Texas Supreme Court May be Inclined to Grant Chapter 87 Immunity to Employers

If the Texas Workers' Compensation Act and the Texas Farm Animal Limitation of Liability Act got into a fight, who would win?  The Supreme Court of Texas might have just metaphorically placed its money on the farm animals.

The Court held last week in Texas West Oaks Hosp. v. Williams, that an employee of a nonsubscriber hospital employer must comply with the procedures set forth in the Texas Medical Liability Act (i.e. the progeny of the 2003 tort reform movement), and barred the employee's claims against his employer.

If I haven’t already lost you, you are probably thinking,

Wait a minute, what is a “nonsubscriber”, and what does a case about a hospital employee have to do with the horse industry? 

Bear with me, this material is sort of complicated, but I hope the point of this post will be clear to you by the time you get to the end (if you in fact make it that far!)

Nonsubscriber Status. Are you a nonsubscriber?  Most Texas horse industry employers are “nonsubscribers”, at least for some of their employees.  If you have employees or so-called “independent contractors” who might really be employees under the true legal definition, you should be aware if you are or are not a nonsubscriber. 

Why does it matter? The Texas Workers’ Compensation Act allows employers to elect whether or not they will subscribe to worker’s compensation insurance.  If an employer does subscribe and an employee is hurt during the scope of their employment, the employee is generally precluded from filing suit, and must instead pursue administrative remedies for benefits under the Workers’ Compensation Act. 

But if an employer elects to forego workers’ compensation coverage, it is subject to suits at common law for injuries suffered by employees on the job. Not only that, nonsubscribers are generally not able to avail themselves of many common-law defenses to negligence claims in suits brought by employees. See this prior post for more details. 

That said, I should note as an aside that some “farm or ranch employees” are excluded from the provisions of the Workers’ Compensation Act altogether (did I mention before that this is complex stuff?).

So here’s the question that remains unsettled: What if a nonsubscriber employer is sued by an employee, and the employee’s injuries arose from dangers inherent in an equine activity? Can the employer invoke the immunity from liability granted to virtually all people in the Farm Animal (formerly Equine) Limitation of Liability Act (um...we'll just call it Chapter 87)?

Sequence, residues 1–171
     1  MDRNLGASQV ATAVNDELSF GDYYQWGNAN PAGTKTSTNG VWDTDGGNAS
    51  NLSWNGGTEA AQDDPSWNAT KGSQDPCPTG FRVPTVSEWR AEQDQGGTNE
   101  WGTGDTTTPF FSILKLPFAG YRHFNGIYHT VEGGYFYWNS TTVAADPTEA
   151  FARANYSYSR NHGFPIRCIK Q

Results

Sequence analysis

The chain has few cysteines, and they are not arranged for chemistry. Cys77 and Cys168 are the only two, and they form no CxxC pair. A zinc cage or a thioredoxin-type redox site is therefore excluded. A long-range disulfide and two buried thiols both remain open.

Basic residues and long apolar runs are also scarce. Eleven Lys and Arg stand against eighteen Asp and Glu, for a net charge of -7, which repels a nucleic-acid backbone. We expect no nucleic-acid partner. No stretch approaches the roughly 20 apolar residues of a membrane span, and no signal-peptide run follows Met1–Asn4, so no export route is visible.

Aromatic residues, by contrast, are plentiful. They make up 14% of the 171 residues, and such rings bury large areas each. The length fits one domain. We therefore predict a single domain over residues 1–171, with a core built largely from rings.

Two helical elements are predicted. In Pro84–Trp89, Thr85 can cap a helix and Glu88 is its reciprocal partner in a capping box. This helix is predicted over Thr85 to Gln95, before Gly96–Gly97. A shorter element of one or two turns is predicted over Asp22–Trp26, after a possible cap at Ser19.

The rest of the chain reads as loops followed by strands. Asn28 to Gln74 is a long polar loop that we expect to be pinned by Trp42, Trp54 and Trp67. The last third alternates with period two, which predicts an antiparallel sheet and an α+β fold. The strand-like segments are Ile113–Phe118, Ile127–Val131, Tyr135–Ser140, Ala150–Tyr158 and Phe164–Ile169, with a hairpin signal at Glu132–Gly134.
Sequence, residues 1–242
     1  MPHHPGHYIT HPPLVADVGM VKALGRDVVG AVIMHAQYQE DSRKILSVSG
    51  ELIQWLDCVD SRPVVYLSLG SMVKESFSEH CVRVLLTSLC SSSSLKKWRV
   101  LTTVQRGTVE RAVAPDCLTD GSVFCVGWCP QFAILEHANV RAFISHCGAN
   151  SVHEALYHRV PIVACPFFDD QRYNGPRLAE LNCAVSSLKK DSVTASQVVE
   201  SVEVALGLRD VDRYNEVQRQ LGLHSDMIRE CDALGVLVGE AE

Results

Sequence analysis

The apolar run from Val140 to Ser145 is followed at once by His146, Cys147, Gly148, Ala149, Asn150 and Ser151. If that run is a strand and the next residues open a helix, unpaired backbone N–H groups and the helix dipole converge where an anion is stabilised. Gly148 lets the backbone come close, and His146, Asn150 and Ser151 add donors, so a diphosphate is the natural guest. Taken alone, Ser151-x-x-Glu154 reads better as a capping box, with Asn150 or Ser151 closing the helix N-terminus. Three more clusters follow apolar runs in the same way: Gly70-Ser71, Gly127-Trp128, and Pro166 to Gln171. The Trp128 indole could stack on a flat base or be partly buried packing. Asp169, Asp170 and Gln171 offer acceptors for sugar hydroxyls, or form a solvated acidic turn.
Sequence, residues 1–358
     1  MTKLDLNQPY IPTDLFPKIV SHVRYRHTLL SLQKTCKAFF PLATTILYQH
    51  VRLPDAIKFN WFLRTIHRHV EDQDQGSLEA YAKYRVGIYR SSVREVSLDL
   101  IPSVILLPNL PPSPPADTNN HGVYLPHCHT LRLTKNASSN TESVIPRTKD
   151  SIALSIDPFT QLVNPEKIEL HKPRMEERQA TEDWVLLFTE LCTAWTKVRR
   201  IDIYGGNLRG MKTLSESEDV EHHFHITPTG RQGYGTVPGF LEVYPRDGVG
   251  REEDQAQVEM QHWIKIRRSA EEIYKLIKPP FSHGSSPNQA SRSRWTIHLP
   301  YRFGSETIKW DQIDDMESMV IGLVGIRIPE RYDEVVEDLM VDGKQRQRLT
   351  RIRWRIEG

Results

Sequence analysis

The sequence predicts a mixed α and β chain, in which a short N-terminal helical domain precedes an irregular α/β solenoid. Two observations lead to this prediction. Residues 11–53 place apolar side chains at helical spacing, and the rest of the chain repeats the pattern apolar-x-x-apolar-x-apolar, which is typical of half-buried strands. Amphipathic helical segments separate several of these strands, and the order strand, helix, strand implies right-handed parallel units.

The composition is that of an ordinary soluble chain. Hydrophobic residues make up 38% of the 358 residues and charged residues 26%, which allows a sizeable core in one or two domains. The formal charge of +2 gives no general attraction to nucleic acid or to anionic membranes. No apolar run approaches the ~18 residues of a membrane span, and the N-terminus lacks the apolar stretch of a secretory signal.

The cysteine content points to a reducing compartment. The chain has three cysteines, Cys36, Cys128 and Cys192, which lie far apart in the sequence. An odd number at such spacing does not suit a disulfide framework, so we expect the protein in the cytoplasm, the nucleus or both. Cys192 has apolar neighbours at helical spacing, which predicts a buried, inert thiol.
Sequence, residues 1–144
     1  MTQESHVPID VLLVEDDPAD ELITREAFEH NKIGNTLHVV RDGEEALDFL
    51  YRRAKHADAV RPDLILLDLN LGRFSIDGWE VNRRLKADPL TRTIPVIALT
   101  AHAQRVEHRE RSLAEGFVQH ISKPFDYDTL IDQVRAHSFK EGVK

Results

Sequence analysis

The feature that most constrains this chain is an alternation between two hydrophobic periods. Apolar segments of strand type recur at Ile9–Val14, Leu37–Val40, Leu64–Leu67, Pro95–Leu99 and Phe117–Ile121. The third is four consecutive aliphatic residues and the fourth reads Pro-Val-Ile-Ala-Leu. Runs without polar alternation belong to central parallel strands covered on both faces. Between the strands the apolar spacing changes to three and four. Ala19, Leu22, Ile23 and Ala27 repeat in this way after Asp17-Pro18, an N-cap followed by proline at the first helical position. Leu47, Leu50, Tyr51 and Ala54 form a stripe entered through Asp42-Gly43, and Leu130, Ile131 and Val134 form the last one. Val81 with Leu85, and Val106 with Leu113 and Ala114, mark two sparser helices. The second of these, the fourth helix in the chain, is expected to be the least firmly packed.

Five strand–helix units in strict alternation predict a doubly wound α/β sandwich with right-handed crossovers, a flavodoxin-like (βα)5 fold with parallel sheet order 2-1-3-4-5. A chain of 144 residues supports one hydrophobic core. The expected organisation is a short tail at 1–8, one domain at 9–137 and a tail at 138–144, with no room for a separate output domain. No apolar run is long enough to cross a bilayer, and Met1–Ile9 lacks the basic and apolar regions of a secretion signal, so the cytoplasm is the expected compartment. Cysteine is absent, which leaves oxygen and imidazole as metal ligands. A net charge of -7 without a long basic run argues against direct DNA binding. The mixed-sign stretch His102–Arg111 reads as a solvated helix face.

As we have discussed at length, the Supreme Court has not yet decided this issue. Two appellate courts have indicated a willingness to apply Chapter 87 to bar suits brought by horse industry independent contractors, but one court of appeals refused to apply Chapter 87 to bar a suit brought by a horse industry employee. 

Plaintiffs’ lawyers who represent injured employees generally assert the argument that Chapter 87 was intended to apply to tourists or consumers, and not workers. They further assert that Chapter 87 cannot bar employees’ suits because it would abrogate employer duties under the Workers’ Compensation Act.  The employee's lawyers in Williams made similar arguments about the Medical Liability Act.

The Williams DecisionWilliams is significant to the equine industry, at least in my mind, because it shows a willingness on the part of the Supreme Court to allow “tort reform” type statutes to bar an employee’s claim against a nonsubscriber. Not unlike the Medical Liability Act, Chapter 87 is another law that was passed to limit liability for certain types of claims. Furthermore, the plain language of Chapter 87 itself does not exclude suits brought against nonsubscriber employers (though it does expressly carve out other stuff, such as activities regulated by the Texas Racing Commission).  As such, I predict that if the Supreme Court of Texas ultimately takes up the issue, it is inclined to rule that Chapter 87’s immunity provisions apply to employees and other workers (subject to its exceptions, of course) .

Related posts:

Are Employers Immune from Liability for Employees’ Horse-Related Injuries in Texas?

Another Appellate Court Holds Chapter 87 Immunity Act Applies to Suits Brought by Independent Contractors

Update on Young v. McKim

Guest Post by Russell Cawyer: Does Your Farm Need to Purchase Worker's Compensation Insurance?

Russell D. Cawyer, a lawyer in my firm who publishes the Texas Employment Law Update, offers the following insights on the decision many horse farms are faced with...do you need to buy worker's compensation insurance?

"Most farm, ranch and horse owners are employers to some extent or another. Whether employing stable workers, trainers, or other labor, most of these relationships would be legally classified as employment (rather than independent contractor) relationships–even if the services are on a short-term or infrequent basis. The purpose of this post is to discuss the differences between employers that are worker’s compensation subscribers and those that are nonsubscribers.